30th place in teacher pay won’t cut it

Nashville cannot compete for great new teachers.

Metro Schools is not the easiest place to teach. It’s a large, urban district – the second largest in Tennessee – and brings all of the challenges that come with that. On top of that, 29 other districts in our state pay new teachers more money.

Put yourself in that position. If you were a fresh college graduate looking for a job, which would you choose? Nashville? Or making more money in the less complicated districts in Franklin, Lebanon or Murfreesboro?

We have the opportunity to change that right now. The proposal before the Metro Council is to raise Metro’s starting teacher salary to $40,000.  That moves us from a dismal 30th in starting teacher pay in Tennessee to 3rd – the spot this city needs and deserves.

This makes us more competitive in attracting great teachers right out of college. We can compete with other districts trying to hire them and attract more applicants, allowing us to choose the very best of the best.

Once here those new teachers will want to stay. They’ll stay because of our strong professional development, our exceptional principals, our commitment to technology, our leadership pipeline, our Master’s partnership with Vanderbilt University, our innovative practices (like Jere Baxter’s teacher-led school model), and on and on and on.

Once here they’ll help us further our successes. We have so many exceptional teachers in Metro Schools who have helped bring us this far. To keep our teaching force strong, we must bring more exceptional teachers to our growing district all the time.

We can bring them here by being competitive. 30th place is not competitive; 3rd place is.

Under this plan all teachers would see pay raises. All teachers could reach the top level of salary in just 15 years. The only Tennessee districts paying more would be Memphis and Shelby County.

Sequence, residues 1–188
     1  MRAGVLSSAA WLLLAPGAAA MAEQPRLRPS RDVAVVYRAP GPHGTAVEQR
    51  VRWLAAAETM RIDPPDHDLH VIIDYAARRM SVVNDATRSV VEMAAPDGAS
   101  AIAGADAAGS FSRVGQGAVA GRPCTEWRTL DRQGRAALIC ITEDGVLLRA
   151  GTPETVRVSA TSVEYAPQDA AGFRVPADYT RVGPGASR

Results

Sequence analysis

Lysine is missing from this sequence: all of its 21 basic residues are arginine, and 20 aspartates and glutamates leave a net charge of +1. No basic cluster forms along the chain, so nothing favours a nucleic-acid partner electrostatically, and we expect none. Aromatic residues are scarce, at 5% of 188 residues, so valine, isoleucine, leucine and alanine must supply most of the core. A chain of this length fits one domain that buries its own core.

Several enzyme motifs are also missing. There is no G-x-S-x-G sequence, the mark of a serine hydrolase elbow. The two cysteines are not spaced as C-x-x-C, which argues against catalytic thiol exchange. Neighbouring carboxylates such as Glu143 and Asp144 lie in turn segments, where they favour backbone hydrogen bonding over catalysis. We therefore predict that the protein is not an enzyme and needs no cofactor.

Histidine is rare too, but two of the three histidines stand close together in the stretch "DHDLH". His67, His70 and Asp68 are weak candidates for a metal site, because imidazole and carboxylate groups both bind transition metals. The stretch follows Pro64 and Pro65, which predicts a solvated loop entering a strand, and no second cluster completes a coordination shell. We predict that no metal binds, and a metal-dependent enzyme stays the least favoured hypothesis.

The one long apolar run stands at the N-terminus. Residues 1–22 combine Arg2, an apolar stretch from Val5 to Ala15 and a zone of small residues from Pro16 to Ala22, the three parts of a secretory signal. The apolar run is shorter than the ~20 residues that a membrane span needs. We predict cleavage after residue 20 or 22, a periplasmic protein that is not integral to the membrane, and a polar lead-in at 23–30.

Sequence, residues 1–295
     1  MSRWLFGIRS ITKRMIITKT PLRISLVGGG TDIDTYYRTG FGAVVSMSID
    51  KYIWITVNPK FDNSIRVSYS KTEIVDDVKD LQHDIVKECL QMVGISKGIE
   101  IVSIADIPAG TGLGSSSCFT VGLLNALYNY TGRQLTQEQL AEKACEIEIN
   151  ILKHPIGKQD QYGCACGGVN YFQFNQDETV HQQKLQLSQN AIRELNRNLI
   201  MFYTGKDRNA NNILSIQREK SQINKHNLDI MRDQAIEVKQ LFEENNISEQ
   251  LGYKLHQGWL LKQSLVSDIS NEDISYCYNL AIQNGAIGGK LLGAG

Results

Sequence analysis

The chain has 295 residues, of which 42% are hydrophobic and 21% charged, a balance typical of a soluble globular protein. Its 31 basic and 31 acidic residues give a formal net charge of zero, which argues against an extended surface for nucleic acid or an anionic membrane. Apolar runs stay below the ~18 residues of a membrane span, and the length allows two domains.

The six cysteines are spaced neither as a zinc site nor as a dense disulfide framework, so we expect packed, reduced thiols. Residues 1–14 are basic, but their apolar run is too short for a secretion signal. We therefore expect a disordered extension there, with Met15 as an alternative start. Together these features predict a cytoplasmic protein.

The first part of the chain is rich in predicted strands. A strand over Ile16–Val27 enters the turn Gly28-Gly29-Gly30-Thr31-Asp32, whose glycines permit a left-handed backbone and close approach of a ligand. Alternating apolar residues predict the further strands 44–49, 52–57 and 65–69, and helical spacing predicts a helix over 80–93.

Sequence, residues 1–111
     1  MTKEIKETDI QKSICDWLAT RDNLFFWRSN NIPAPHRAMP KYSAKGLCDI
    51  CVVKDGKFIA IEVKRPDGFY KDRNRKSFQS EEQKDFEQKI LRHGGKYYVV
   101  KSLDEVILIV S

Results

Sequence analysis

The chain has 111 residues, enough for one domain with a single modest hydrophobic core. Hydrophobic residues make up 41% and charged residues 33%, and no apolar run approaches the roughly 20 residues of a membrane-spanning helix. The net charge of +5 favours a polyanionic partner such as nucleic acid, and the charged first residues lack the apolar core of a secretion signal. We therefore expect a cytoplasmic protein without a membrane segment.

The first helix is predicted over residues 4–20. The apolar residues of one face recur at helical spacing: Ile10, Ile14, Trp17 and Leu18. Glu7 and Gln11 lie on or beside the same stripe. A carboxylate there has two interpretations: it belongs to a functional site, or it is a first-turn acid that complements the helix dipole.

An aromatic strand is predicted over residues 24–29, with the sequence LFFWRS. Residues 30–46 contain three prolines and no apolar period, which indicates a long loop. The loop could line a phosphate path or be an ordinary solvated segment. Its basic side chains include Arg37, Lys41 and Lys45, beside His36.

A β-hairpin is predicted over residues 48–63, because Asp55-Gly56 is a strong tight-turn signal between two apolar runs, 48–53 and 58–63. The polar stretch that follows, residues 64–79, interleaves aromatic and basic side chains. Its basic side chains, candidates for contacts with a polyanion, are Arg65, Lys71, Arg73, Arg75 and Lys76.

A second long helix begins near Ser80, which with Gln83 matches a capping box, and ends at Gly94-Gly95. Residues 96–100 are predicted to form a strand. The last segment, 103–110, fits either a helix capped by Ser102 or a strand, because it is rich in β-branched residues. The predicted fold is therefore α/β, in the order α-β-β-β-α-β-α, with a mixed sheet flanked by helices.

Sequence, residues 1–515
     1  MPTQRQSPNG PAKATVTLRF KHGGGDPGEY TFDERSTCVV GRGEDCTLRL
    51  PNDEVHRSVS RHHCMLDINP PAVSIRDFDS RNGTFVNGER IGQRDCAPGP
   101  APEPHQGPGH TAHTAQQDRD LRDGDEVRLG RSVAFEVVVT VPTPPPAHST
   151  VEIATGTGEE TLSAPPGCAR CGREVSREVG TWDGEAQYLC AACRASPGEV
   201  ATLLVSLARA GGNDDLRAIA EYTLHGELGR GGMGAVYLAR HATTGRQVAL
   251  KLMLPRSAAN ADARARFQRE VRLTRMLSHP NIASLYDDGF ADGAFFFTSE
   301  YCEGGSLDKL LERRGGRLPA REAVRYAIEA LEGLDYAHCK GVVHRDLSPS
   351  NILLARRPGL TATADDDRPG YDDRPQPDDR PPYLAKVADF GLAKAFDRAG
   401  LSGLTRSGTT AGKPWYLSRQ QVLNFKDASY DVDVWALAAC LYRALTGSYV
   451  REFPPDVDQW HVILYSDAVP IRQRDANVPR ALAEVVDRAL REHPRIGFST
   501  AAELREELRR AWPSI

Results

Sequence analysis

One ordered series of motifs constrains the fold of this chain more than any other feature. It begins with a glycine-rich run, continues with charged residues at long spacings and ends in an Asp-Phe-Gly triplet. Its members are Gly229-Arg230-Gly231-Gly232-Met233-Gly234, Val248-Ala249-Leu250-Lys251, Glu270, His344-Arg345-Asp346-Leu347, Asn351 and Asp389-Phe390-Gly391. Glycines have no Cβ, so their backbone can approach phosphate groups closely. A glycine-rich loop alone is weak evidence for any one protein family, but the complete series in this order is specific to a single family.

Now where would you choose to teach?

Tell the Metro Council you want our city to compete for the best teachers. Tell them anything less than 3rd in the state is not enough. Great teachers are worth it.


3 thoughts on “30th place in teacher pay won’t cut it

  1. Pingback: Blog # 6 30th Place In Teacher Pay Won’t Cut It « mnarvae1

  2. I am a new teacher, and I only ever considered Metro as my back-up plan. To be honest, pay was not one of my top concerns. What Dr. Register and the remainder of the board fail to realize (as obvious as it may seem) is that the vast majority of new teachers are not entering into this profession for the money.

    Now, I don’t think anyone that frequents this space will say that teachers earn what they truly deserve, whether that’s $25,000 a year or $40,000. We KNOW we’re not going to make boatloads of money; if I wanted to make money and have “guaranteed employment” I would have gone into engineering. This job is about making a difference in the lives of our students. It’s about our addiction to that “light bulb moment”. It’s about working in an environment that nurtures and encourages our improvement and growth.

    The majority of MNPS buildings I’ve been in don’t provide that kind of encouragement and an increase in pay isn’t going to make me ignore that. There’s too much to worry about. The majority of students come from an uninspiring environment that lacks support. The focus is on standards and test scores as opposed to student well-being. These issues aren’t going to be easily solved, and the kinds of teachers that are attracted to high pay aren’t the people who are going to solve them.

  3. Will,

    It’s true not every teacher gets into it for the money. I can’t tell you how many times our teachers have used the exact same phrase in speaking with me – that “light bulb moment.”

    But I’m not sure you give a higher starting salary enough credit. While pay may not be #1 for everyone, it’s definitely an incentive. If you can have those wonderful moments of helping students AND make a more money to boot, that will definitely draw more candidates and keep them here longer.

    The Peabody College Dean of Education agrees with us: https://onpubliceducation.com/2012/06/04/peabody-education-dean-supports-our-plan-for-raising-teacher-pay/

    Thanks for your feedback.

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